Welcome, ladies and gentlemen, to the '70s. The '60s are over, and people are once again ready to feel bad about themselves. It was in this year, 1970, that Casey Kasem’s American Top 40 first began airing nationwide, bringing the Billboard charts into prominence over the regional countdowns that had been popular before it, and to ring in the new decade in our poll, we’ve got 25 songs to choose from. It was in this year that we see the final #1 by the Beatles and the first #1 by a former Beatle, as well as the first #1 by the 11-year-old future King of Pop, which would set off a wave of family bands reaching the top of the charts over the next few years.
I voted for “Everybody Is a Star” just because I’m guessing few if any others will. Sly and the Family Stone had a lot of great songs, but for some reason I’ve always loved this one best, and it’s nearly forgotten today.
I suspect “Bridge” will win, but it’s way too bombastic for my tastes. Surprisingly for me (being a 60s guy), I find there are more overall worthy songs this year than in the past couple. Each of the initial run of Jackson 5 singles was great, “Venus” will always be a favorite (despite being a rather shameful rip-off), “War” still stands up, and “Tears of a Clown” remains a classic in spite of being overplayed (and three years old to boot).
Everyone loves Bridge and I bet it wins. It always struck me as too, I dunno, …produced? overwrought? For me it was between Tears of a Clown, For You Blue and Crackin’ Rose, which I voted for, probably because all these years later I’m not heartily sick of it.
The Long and Winding Road is one of my favorite Beatles songs, but I can’t stand the overproduced, Spector-ized version that made it to #1 in 1970. This version from the 2004 rerelease is infinitely superior, IMO.
Precisely. Which is why I voted for it over the likes of “The Long and Winding Road”, “Let It Be”, and “(They Long to Be) Close to You” (all great songs; yes, even the Carpenters tune, because one cannot deny the greatness of Burt Bacharach).
George’s post-Fabs masterpiece. The music is transcendental, and I’ve always loved the simplicity, honesty, and purity of the lyrics and vocal delivery. Interesting perhaps, because the message itself does nothing for me- I’ve always been agnostic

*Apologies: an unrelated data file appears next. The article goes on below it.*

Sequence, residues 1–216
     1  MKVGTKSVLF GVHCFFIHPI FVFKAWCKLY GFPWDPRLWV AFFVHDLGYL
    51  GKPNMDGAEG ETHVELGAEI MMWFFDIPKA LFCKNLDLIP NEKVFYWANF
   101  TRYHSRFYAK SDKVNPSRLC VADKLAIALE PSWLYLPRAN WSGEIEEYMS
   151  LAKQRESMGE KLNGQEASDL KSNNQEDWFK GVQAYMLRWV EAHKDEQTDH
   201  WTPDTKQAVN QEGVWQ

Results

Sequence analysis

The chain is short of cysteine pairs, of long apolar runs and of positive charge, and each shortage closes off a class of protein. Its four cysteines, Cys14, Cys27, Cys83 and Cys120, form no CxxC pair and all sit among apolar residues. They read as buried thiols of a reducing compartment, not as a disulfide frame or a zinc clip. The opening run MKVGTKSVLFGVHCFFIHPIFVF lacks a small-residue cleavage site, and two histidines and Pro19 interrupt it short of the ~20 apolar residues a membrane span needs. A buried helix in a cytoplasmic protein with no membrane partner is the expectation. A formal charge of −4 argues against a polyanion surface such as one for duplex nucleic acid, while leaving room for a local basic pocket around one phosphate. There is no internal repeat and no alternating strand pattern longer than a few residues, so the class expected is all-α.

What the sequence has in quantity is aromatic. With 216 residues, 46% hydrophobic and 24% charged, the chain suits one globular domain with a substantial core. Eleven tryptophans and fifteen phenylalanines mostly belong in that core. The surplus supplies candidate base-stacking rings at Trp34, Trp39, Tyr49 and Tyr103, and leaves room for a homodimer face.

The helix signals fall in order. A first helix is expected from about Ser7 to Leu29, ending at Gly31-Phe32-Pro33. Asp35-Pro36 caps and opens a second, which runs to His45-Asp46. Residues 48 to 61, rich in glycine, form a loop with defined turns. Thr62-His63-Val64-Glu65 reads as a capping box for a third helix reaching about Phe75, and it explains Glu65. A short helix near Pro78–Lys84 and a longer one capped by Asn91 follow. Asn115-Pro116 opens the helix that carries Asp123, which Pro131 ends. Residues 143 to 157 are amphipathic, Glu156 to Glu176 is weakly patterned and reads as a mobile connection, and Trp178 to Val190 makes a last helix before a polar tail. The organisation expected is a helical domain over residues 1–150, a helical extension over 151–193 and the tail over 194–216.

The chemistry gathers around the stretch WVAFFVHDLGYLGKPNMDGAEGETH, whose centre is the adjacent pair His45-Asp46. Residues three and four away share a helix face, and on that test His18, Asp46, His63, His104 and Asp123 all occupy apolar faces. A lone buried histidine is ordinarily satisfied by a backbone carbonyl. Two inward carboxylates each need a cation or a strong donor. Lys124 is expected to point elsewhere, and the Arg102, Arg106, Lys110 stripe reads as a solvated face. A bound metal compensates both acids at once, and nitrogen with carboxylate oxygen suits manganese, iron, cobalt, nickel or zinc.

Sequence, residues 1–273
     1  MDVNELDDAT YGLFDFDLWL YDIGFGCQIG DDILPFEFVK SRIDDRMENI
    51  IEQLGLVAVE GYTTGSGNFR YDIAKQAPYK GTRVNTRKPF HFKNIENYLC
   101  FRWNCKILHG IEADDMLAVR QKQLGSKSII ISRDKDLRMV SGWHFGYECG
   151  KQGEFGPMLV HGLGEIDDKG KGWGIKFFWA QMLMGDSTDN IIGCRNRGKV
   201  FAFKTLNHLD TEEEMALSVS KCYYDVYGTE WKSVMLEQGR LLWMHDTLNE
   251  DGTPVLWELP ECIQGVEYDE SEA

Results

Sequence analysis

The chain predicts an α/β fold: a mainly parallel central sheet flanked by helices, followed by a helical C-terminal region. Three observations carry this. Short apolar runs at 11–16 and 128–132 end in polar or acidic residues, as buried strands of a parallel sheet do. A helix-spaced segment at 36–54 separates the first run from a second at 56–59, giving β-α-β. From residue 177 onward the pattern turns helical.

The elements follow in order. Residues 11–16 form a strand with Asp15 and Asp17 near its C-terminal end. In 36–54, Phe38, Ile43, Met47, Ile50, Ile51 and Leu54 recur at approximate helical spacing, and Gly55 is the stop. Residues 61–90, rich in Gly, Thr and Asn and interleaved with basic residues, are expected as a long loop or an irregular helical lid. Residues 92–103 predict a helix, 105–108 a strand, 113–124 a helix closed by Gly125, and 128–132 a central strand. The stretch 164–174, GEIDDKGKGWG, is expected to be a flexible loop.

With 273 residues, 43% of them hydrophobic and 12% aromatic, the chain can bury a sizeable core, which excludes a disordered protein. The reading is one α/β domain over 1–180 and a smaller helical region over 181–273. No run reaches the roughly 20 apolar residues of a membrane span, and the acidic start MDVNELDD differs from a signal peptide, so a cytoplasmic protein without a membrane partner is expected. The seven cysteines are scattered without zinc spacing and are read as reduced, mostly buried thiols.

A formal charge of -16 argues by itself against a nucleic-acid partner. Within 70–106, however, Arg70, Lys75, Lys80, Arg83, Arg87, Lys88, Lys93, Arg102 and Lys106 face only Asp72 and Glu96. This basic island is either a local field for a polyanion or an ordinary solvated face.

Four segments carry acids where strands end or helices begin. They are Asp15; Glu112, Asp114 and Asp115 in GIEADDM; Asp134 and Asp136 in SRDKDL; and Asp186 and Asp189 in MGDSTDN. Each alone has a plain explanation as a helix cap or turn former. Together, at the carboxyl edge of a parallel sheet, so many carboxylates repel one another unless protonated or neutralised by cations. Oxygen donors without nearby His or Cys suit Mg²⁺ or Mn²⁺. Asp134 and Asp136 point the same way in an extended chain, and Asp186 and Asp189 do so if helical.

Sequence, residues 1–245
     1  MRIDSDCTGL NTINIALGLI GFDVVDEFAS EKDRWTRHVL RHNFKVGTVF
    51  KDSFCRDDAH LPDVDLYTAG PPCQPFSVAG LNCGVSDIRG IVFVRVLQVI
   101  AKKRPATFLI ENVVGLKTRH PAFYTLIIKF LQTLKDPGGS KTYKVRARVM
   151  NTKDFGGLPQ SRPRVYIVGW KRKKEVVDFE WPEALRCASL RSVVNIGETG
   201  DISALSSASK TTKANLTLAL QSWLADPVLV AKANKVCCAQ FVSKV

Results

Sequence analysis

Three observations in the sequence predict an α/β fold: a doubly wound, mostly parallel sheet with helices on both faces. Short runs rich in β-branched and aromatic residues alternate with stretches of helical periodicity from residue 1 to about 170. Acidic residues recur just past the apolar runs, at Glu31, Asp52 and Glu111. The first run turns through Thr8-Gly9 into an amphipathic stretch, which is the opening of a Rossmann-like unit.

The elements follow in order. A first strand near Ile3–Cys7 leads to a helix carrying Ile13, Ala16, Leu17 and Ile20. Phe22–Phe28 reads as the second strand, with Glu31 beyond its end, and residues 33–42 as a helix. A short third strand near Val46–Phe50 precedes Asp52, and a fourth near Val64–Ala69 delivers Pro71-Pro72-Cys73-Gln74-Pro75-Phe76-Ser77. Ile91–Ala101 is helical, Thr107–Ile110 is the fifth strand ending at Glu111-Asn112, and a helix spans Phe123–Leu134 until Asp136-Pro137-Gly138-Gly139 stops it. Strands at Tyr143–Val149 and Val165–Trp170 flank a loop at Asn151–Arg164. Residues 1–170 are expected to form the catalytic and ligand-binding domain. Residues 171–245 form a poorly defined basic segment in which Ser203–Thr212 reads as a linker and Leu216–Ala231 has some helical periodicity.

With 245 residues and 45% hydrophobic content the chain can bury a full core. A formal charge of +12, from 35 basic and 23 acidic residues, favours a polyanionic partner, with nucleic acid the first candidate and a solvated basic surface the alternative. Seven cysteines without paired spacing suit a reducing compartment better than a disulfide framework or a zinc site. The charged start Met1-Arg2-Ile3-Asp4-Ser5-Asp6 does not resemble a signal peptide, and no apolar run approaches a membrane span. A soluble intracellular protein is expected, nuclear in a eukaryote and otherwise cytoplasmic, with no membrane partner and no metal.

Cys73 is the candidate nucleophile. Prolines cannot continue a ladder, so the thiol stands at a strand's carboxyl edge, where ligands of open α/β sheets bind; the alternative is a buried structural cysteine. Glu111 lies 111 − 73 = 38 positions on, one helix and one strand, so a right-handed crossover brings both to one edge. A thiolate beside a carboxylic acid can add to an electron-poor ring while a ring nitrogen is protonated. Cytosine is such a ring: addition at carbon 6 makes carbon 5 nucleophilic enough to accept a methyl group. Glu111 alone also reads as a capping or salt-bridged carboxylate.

No disputing Smokey’s greatness, but there has always been considerable dispute over what Dylan did or did not say about him.
The variation one usually hears is Dylan referring to Smokey as “the greatest living American poet.” But many years ago, I heard that this was one of those rock Urban Legends.
Sure enough, the first Google hit when you put in “Dylan” and “Smokey Robinson” is this one. You’ll have to wade through a whole bunch of preening author talk to get to the meat of the matter, but skip down to the seventh paragraph after the Marty Stuart quote for the real story.
Then check out the final reader comment at the end. Turns out Dylan did speak of Smokey and poets in the same breath — just not in quite the terms usually ascribed to him.
When Bob was at the height of putting on reporters and everyone else around him (think Don’t Look Back), there was this exchange with one of them at a December 1965 press conference:
Just as gratifying to me to see his shout-out for Charlie Rich!
“I Want You Back” won a very tight contest over “War” for my vote. Bread finished dead-ass last, managing to be even worse than Ray Stevens.
Thus concludes the Beatles’ shocking shutout from the world-famous Ponch8 Music Rating System vote. Maybe one of the four will manage to win one as a solo act (or as part of Wings). John Lennon’s “Just Like Starting Over” (hitting #1 right after his death) will likely be a strong contender.
My Sweet Lord, what a terrible year. American Women should be shedding Tears of a Clown like Raindrops Falling On My Head. They say Everybody Is a Star but I say Let It Be. It’s as simple as ABC There Ain’t No Mountain High Enough to make me Think I Love You, Venus, for for forcing us on The Long and Winding Road that brought us No Sugar Tonight instead of a Bridge Over Troubled Water. Isn’t It a Pity The Love You Save could never convince me to Make It With You, Cracklin’ Rosie. I Think I Love You, 1960s. I Want You Back, I long to be Close to You. Everything Is Beautiful when I think of those times. Thank You.
I voted for “War.” It’s the only appropriate response.